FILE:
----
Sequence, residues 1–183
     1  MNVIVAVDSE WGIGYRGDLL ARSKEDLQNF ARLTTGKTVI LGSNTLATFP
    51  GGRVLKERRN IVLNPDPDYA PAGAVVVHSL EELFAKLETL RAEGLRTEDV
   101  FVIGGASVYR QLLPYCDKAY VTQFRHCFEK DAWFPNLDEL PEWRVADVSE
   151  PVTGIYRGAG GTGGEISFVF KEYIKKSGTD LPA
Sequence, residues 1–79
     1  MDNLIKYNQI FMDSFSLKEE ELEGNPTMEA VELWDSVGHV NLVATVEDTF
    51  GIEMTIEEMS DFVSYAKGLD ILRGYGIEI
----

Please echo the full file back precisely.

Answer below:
Sequence, residues 1–183
     1  MNVIVAVDSE WGIGYRGDLL ARSKEDLQNF ARLTTGKTVI LGSNTLATFP
    51  GGRVLKERRN IVLNPDPDYA PAGAVVVHSL EELFAKLETL RAEGLRTEDV
   101  FVIGGASVYR QLLPYCDKAY VTQFRHCFEK DAWFPNLDEL PEWRVADVSE
   151  PVTGIYRGAG GTGGEISFVF KEYIKKSGTD LPA
Sequence, residues 1–79
     1  MDNLIKYNQI FMDSFSLKEE ELEGNPTMEA VELWDSVGHV NLVATVEDTF
    51  GIEMTIEEMS DFVSYAKGLD ILRGYGIEI